Fukuda Commanded Troops and Respect

Author: Ben Tamashiro, D Company
Star Bulletin, 03/19/1988
Puka Puka Parades, April-June 1988

Star Bulletin article about the life and death of Mitsuyoshi “Mits” Fukuda

PUKA is a Hawaiian word meaning opening or hole. And because the numerical designation of the 100th Infantry Battalion contains two zeros or pukas, it lovingly became known to its members and associates as the One-Puka-Puka Battalion.

Early this week, a revered member and one of its wartime commanders, Mitsuyoshi Fukuda, died here in Honolulu of a heart attack. He was 71, an unexpected death.

Fukuda was one of the original members of the 100th, the first all-Nisei combat unit in the history of the U.S. Army, organized at Schofield Barracks in June 1942; a band of 1,400 young men who were in the Army either through prewar enlistments in the Hawaii National Guard or had been called into the service prior to Pearl Harbor through the national draft.

But they were now like pariahs because of their Japanese ancestry and the attendant question of loyalty that swirled about them, especially at that point in history, six months after Pearl Harbor, when the battle of Midway was being fought.

Should the Japanese win, its next logical move would be to strike out at the islands themselves. And if that circumstance should come about, would these boys fight for the land of their ancestors or the country of their birth?

AS IT TURNED OUT, the Japanese were repulsed at Midway, even as the 100th was being shipped to the Mainland. After long months of training there, the unit was sent overseas and fought in Italy and France with great distinction. It became known as the “Purple Heart Battalion” for its courageous battles at Cassino and was part of the 442nd Regimental Combat Team that rescued the “Lost Battalion” of the Texas 38th Infantry Division at Bruyeres, France. It is recognized as the most decorated unit for its size in army history.

And when Fukuda became its commander towards war’s end in 1945, he was the first Nisei in the history of the army to take command of a combat infantry battalion. Earlier, at Balonga [Bolonga], he headed a task force — Task Force Fukuda — to cut the road junction at a place called Aulla. It was the first time that a task force had been named for a Nisei.

Fukuda was born in Waialua at a time when the plantation workers were beginning to bestir themselves because of their low wages. The family was kicked out of the plantation for having joined the strike, which was then being staged by the Japanese workers against the plantation.

Fukuda was only 3, but he remembered the time because the family had to hike its way into Honolulu. His father was an immigrant from Japan who became a carpenter, his mother a picture bride who came to Hawaii about a year later. He was the eldest among three sisters and a brother.

At the University of Hawaii, where he majored in agriculture, he took ROTC but his reserve commission as a second lieutenant had to be held up until he had severed his dual citizenship which, until that moment, he was not aware of.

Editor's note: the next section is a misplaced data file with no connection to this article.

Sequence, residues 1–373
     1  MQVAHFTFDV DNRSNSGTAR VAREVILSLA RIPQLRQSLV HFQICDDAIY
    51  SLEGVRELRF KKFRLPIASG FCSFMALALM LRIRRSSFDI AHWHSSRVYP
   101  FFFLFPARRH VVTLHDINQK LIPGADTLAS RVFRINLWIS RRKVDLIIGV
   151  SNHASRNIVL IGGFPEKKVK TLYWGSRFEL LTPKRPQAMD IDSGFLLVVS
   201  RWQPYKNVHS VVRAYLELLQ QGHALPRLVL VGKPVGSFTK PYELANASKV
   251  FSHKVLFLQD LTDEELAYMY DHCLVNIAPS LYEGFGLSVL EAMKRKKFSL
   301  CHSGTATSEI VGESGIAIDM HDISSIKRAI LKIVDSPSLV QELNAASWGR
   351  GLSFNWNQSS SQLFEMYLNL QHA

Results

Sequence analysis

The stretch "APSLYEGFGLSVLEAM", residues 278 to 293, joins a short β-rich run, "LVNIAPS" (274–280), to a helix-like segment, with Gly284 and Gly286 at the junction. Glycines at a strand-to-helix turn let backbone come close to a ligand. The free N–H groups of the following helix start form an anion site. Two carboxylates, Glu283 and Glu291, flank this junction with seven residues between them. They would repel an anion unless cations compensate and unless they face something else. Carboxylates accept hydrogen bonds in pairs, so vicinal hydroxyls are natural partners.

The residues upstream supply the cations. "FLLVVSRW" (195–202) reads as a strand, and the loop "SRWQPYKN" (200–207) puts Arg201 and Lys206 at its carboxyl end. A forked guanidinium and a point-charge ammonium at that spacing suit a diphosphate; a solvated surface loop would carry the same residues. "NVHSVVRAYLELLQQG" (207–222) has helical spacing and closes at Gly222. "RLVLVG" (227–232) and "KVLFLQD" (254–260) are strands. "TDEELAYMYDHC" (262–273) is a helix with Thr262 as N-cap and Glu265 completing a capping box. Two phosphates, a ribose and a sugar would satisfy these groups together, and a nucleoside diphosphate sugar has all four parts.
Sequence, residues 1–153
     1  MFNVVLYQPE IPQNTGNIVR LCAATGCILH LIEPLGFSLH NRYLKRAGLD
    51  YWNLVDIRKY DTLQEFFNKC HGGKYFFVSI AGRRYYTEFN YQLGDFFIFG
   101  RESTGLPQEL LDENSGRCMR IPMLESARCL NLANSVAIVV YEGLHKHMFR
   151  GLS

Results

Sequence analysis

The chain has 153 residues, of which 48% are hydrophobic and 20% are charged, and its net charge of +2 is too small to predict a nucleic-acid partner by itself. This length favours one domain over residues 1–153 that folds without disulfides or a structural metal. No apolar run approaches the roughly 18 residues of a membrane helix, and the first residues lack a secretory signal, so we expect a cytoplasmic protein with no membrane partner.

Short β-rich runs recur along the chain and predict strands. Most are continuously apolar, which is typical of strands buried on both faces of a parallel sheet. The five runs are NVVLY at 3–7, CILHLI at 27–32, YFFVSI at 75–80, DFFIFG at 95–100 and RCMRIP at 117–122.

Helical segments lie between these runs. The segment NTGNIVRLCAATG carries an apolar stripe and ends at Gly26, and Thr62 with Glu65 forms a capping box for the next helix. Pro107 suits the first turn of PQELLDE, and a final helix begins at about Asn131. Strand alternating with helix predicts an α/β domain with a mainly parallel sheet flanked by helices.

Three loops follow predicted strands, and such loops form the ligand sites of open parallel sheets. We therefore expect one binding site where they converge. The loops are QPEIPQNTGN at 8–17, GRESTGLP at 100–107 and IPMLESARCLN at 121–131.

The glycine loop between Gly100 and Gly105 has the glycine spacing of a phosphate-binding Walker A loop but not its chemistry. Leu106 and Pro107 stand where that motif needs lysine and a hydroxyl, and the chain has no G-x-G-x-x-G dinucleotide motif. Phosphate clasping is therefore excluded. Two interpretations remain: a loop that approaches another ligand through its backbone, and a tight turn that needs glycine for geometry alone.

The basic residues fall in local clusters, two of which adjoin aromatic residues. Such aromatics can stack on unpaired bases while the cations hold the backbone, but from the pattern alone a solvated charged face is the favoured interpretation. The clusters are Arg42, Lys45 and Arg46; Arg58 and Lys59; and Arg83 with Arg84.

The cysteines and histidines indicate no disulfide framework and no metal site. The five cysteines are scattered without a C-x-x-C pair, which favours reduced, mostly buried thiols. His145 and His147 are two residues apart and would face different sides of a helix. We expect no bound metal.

FUKUDA BEGAN his postwar career with Castle & Cooke as a personnel relations assistant and at the time of his retirement several years ago had risen to become vice president of industrial relations, probably the first Nisei to assume such responsibilities in one of the Big Five corporations.

He had a high regard for Alexander Budge, past president and chairman of the board of Castle & Cooke. Whereas Budge was “Alex” to most everyone, to Fukuda he was always “Mr. Budge.”

When the 100th Infantry Battalion left Honolulu Harbor in June 1942, no one knew its destination. A week later when it landed in Oakland, Fukuda got the surprise of his young life when, among other things, he saw white people doing stevedore work on the docks. In Hawaii, such work was mostly done by Japanese, Chinese or Filipino laborers; white people were in supervisory and management positions only. It created a lasting impression upon him. “This struck me as being different,” he told me in a recent discussion. “All through my visit through the United States, I was impressed by this difference. And when we returned to Hawaii, my conviction was that the local boys had performed very well overseas and now that we had come back to Hawaii, we should be able to hold our heads high and be assuming managerial and professional positions in Hawaii.”

Club 100 is the postwar organization of the veterans of the 100th. Fukuda served two terms as president and last year he led a large contingent of veterans on a sentimental visit to Camp McCoy, Wis., the first training camp of the 100th on the Mainland.

At the time of his death, he was chairman of the club’s long range planning committee working to incorporate the club into the Honolulu Japanese Chamber of Commerce’s proposed Japanese Cultural Center of Hawaii. And in an irony of sorts, the board of directors had only last month decided to honor him for his long years of service to the club.

In another irony, the family had just come together the past week preparatory to going to Kona to celebrate the yakudoshi, or 41st birthday, of Pat, the second son. He and his family had come from Seattle for this purpose. Jean, the youngest of four children, had also come from Seattle. David, the eldest, came from Maui. Richard, the third son, is here in Honolulu. They are now gathered for a sad farewell.

Fukuda’s wife, Toshiko, says that she and her husband were planning to visit Japan in May and Europe in September. The ironies keep piling up. Because of a need to catch up with his correspondence, he had recently bought a word processor. She’s the one who will now have to learn to use the machine so she can keep up with his trail in the One-Puka-Puka.